What they found in 2015 is like all of the best jungle exploration stories of all time—even better. Beautiful quiet rivers surrounded by towering mountains and riotous jungle with bugs and butterflies and dragonflies and frogs never seen before.  Strange noises all night long including the sounds of big animals moving through the camp. They had multiple encounters with 7 foot jaguars and 6 foot deadly aggressive fer-de-lance snakes. It rarely stopped raining. And there were no paths of even the smallest kind and every step had to macheted into submission  There were deep quicksand pits, and thousands of serious big stinging ants waiting on trees to drop off onto your skin, and ticks, ticks, ticks and deadly spiders, spiders, spiders. And the ground was very literally covered with cockroaches at night. You could get lost 15 feet in the jungle from your group. The most important piece of equipment each person carried was their cell phone with a GPS  system that was accurate within one foot  Without it on and working (double checked) you did not dare step 3 inches outside the camp boundaries.

This is a book to read while seated in a chair with its legs in buckets of bug killer, covered with three layers of the finest grade bug netting, every part, every part, every part  of your entire body slathered in DEET, breathing through grade 7 nose filters and wearing swim goggles to keep the deadly no-see-ums out of your eyes, having blood samples drawn every hour to pick up the first signs of kidney or liver failure, and tuned by radio to the priest or rabbi back home who is sending constant prayers up in your behalf because the doctor;s are praying you don’t come back and bring stuff with you that will destroy their hospital’s  plan for dealing with exotic infectious diseases. And no I don’t exaggerate  nearly enough.

Elizabeth Tilis:

All the Missing Girls by Megan Miranda (F). Your yearly mystery thriller a la Girl on the Train, Gone Girl, etc, but with a twist – the story is written backwards!

Big Little Lies by Liane Moriarty (F). A fun, light and quick read. I also enjoyed the HBO miniseries based on the book that came out this winter.

David P. Stang:

House of Names by Colm Toibin (F).

Lincoln in the Bardo by George Saunders (F).

(Please see the Guest Post: Thank You George Saunders & Colm Toibin, wherein David Stang delves into aspects of these two outstanding novels that were not evident to me when I read them.)

Brandt Tilis:

The Cubs Way: The Zen of Building the Best Team in Baseball and Breaking the Curse by Tom Verducci (NF). It’s almost like reading a Moneyball sequel 15 years later after most teams caught up to that line of thinking.  How do the smartest Front Offices stay on the cutting edge of building a winner? As a bonus, we get to see the stories behind the characters that broke the Cubs’ curse (not just Theo Epstein but also Joe Maddon, Anthony Rizzo, Kyle Schwarber, etc). You don’t have to be a baseball fan to like this book, but you probably have to have enjoyed the Cubs’ run last year. There is some “Smartest Guys in the Room” BS that goes along with the book when reading it through the prism of some of the Cubs’ struggles this year, but that existed in Moneyball too.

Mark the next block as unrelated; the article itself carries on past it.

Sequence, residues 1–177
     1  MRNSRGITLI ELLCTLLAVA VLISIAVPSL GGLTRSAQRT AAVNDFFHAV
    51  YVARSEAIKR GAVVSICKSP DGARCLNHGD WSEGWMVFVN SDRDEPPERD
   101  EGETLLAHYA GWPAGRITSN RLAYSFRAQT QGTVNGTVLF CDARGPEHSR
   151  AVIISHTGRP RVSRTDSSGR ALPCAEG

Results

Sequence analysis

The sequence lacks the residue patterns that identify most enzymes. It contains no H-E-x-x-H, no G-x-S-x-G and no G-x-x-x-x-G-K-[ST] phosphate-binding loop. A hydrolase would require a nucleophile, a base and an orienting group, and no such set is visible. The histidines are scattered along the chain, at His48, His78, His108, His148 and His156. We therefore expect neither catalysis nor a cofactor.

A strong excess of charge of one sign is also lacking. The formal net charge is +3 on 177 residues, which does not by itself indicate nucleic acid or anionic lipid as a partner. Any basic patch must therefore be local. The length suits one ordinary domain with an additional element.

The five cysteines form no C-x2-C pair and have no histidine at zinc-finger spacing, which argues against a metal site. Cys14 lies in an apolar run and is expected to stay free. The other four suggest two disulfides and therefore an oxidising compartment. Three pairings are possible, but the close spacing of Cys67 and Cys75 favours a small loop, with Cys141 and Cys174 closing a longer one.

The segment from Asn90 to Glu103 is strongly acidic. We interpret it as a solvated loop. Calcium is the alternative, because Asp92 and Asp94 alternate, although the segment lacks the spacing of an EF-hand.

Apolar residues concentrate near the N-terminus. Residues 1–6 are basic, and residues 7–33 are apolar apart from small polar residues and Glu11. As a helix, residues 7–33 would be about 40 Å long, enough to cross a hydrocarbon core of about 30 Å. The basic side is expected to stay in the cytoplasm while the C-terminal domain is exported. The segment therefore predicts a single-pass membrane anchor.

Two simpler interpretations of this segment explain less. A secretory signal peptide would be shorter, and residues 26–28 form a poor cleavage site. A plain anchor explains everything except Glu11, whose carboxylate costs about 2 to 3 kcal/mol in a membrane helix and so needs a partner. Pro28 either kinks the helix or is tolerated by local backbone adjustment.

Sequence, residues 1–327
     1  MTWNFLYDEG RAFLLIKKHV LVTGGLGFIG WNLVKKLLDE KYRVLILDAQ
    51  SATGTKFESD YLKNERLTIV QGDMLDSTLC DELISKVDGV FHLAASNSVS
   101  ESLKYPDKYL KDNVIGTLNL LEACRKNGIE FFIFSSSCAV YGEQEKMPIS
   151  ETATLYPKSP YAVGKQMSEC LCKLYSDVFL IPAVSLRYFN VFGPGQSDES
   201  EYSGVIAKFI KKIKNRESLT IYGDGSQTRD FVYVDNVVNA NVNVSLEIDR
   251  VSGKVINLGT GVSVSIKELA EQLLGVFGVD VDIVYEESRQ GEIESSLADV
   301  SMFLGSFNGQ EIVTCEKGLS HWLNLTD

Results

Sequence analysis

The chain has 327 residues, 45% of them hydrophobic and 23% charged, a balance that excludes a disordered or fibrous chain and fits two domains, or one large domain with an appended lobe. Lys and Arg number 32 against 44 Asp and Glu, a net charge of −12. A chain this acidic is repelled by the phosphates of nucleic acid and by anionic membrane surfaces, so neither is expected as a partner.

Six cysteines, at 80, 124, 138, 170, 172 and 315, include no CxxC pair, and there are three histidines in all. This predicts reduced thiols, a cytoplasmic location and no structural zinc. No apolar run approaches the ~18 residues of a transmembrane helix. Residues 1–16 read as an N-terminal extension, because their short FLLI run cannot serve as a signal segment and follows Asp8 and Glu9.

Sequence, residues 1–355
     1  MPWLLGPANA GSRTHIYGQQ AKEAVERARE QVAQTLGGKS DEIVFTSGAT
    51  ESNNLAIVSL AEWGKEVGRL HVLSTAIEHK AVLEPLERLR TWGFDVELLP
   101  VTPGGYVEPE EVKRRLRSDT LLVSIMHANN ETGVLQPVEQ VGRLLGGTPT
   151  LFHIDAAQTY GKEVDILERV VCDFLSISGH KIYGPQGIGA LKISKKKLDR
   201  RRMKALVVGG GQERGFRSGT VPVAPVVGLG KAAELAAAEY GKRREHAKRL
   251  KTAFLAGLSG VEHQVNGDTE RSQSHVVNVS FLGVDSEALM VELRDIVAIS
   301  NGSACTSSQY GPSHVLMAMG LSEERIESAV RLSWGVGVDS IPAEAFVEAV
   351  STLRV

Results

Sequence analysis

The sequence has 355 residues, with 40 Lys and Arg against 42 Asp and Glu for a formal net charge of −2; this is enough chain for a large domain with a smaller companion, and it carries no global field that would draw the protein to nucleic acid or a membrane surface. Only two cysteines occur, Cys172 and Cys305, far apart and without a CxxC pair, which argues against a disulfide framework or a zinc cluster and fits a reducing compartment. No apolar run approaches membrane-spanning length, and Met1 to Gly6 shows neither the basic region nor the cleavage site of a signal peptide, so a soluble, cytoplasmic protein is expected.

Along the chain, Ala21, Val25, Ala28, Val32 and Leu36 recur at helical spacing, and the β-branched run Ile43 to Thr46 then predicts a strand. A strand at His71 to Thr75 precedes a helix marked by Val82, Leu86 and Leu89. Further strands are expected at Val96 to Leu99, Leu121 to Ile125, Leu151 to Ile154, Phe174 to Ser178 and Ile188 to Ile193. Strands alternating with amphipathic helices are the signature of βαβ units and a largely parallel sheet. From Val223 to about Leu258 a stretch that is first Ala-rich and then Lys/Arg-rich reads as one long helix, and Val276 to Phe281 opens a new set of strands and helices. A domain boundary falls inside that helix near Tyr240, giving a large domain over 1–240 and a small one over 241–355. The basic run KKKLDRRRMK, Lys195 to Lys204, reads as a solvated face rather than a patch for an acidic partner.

Dixon Butler:

Ike and McCarthy by David A. Nichols (NF). The McCarthy era poisoned American life from 1950 – 1954. This book provides a thorough and quite readable history of Eisenhower’s role in bringing this reign of anticommunist demagoguery to an end. It transformed my view of Eisenhower.

Edan Orgad:

The North Water by Ian McGuire (F) is an incredible book to listen to. I hope they make a movie. Great recommendation (h/t EllnMllr).

 Previously Posted:

Continue reading »

Understanding Others: Tone More Than Policies?


, , , , , , ,

In the past eight months, I have never heard anybody express regret for voting for Donald Trump. If anything, investigations into the Trump campaign’s connections with Russia have made supporters only more faithful. “I’m loving it—I hope they keep going down the Russia rabbit hole,” Matt Patterson told me, in June. He believes that Democrats are banking on an impeachment instead of doing the hard work of trying to connect with voters. “They didn’t even get rid of their leadership after the election,” he said.


We were at a coffee shop, and Patterson wore his goth look: silver jewelry, painted nails. “I’ve never been this emotionally invested in a political leader in my life,” he said. “The more they hate him, the more I want him to succeed. Because what they hate about him is what they hate about me.

— from Peter Hessler’s New Yorker article, Follow the Leader: How residents of a rural area started copying the President.

I suspect some readers of this blog site mirror, to some degree, my difficulty in understanding the continuing appeal of President Trump to those “Outside the Beltway” — the title of this particular category of MillersTime’s posts.

Peter Hessler, the author of the article above, is someone I have read for years. He was a Peace Corps Volunteer who wrote one of the best Peace Corps books/memoirs I’ve ever read, River Town: Two Years on the Yangtze. He followed that up with Oracle Bones, then China’s Lost Cities, and Country Driving: A Chinese Road Trip. He has been a staff writer for the New Yorker since 2000 reporting from China and Egypt. In 2007 he moved to rural south west Colorado.

If the two quotes above have interest for you, check out the article from which they are quoted. Hessler has spent at least eight months listening to people in rural Colorado (and elsewhere?) and currently lives Ridgeway, CO,